I See Angels In The Operating Theatre

25 June 2010

I wake up at 5.45am. This is the day. I should be nervous, but feel oddly peaceful.

By the time I get downstairs — with my pillow in an X-ray bag — my kids are all awake. Mom-in-law has brought Big B to school, in fact. Little B is rolling around in bed (I steal a kiss) and Middle B is trying to be brave.

“Do you really need to stay in hospital for one week?” she whispers, fighting back tears.

“Yes if I have to go for the long operation,” I reply. “The long operation” is the one where I have a mastectomy. “The short operation” is the one where a lumpectomy suffices.

“I can come and see you right? Tonight? After your operation?”

“Yes sweetie.” We hug each other tight, her tears seeping through my T-shirt.

Since my chat with Jen, I’ve been praying for that peace that she enjoyed. I think the phrase “Seek peace and pursue it” is a most wise piece of advice. I prayed last night I would see angels, that Jesus would make Himself felt, that I would not feel afraid nor alone going into that freezing OT (it’s always freezing).

We arrive at 6.45am and the sky’s just beginning to brighten. Check-in takes 30 minutes — the lounge is filled with sleepy to-be patients watching World Cup replays with glassy eyes.

“Sorry for the delay, ma’am,” the smiley Malay bellman apologises as he helps us with the bag. “Full house today.”

“Full house” means I have a very low chance of getting a single room, which means I might have to listen to someone else groaning through the night. It also means Mr Threez couldn’t stay overnight with me. Now that is a bummer.

We roll into my room at Ward 9 East. My neighbour is a sprightly 60something who is cheerily watching TV and eating. She’s had her operation already and appears to be recovering well.

I load up my bedside drawers with my toiletries, Bible, journal, books, fluffy Ritz Carlton slippers, my iPod and Beth’s card for me. Laptop and clothes go into the wardrobe.

The nurse comes in and gets me to change into the blue dressing gown. “I’m having my period,” I grimace, and so does she. “Don’t worry,” she says, catching herself. “We’ll put the sheet under you. And we’ll clean you up. Don’t worry.”

For the next few hours, Mr Threez and I stare at the dark clouds gathering outside the window, and the rain start to pelt down like licks from a giant dog, turning swiftly into torrents. This day would measure the second greatest amount of rainfall for the year.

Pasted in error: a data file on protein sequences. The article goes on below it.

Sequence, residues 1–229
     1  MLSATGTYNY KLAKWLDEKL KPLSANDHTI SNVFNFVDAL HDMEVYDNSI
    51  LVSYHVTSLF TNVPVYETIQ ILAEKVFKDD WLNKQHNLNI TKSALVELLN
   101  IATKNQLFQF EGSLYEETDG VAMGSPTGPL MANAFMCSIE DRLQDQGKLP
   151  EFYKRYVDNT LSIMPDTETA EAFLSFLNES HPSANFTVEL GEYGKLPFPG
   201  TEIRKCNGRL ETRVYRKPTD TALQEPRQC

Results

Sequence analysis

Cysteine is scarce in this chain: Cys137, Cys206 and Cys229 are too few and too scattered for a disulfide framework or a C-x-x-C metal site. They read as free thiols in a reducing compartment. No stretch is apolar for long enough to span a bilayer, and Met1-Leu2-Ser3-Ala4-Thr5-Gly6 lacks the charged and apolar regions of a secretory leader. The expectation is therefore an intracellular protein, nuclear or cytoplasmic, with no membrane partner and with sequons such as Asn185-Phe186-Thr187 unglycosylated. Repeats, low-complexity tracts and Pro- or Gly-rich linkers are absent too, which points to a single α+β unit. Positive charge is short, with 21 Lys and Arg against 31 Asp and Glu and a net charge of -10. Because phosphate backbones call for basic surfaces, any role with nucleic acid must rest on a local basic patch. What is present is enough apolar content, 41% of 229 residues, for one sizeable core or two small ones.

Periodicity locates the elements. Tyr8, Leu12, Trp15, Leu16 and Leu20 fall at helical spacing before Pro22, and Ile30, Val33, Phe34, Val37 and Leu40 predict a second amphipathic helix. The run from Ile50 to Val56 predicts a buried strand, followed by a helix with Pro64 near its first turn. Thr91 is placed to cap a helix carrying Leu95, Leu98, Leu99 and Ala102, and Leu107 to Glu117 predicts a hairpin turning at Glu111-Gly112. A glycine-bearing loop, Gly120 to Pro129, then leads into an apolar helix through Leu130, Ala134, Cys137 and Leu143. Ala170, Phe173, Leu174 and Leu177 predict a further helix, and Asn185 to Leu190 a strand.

At 9am, Dr Andrew Khoo comes in to “mark me”. He’s got two nurses with him, a dark blue magic marker and a coil of measuring tape.

“Look at that rain!” he remarks. “In this kind of weather, park at the top of the hill.” We laugh.

I stand naked with my dressing gown poorly tied around my lower hips as he draws lines down the centre of my body, under the curves of my breasts (I guess to make sure they end up on the same level), and then a line from hip to hip.

“Don’t move,” he says firmly to the nurse who is holding the measuring tape. He draws. Then he stops and glares at her.

“You moved. It’s crooked.”

It occurs to me that now might be a good time to tell him I have scoliosis and my hips are really not level.

“Um, Dr Khoo, I have scoliosis. My right hip is higher than my left.” I smile my best Wallace & Gromit smile by way of apology for not telling him earlier.

He pauses and looks at me, like someone let the air out of him. Then he says “Oh, you poor thing. Okay, I got it.” He redraws the line, then says to the nurse, “Okay, you didn’t move.”

I stifle a grin.

Dr Khoo flashes me a smile and says he will see me later. I guess it can’t be easy for him either, operating on women like me who are forced to have reconstruction and are emotionally affected by the surgery, instead of women who look forward to his hands transforming them in to a thinner/more buxom/younger-looking new person.

But in a big way, I am happy he is available to carry out the reconstruction. When my mother had cancer 21 years ago she didn’t have that option. Her doctor would only encourage reconstruction a year after her mastectomy. She didn’t get to “wake up with two” like I would.

And if I did go through the whole mastectomy and recon thing, I would be losing my mummy tummy, which in theory should make me yummy.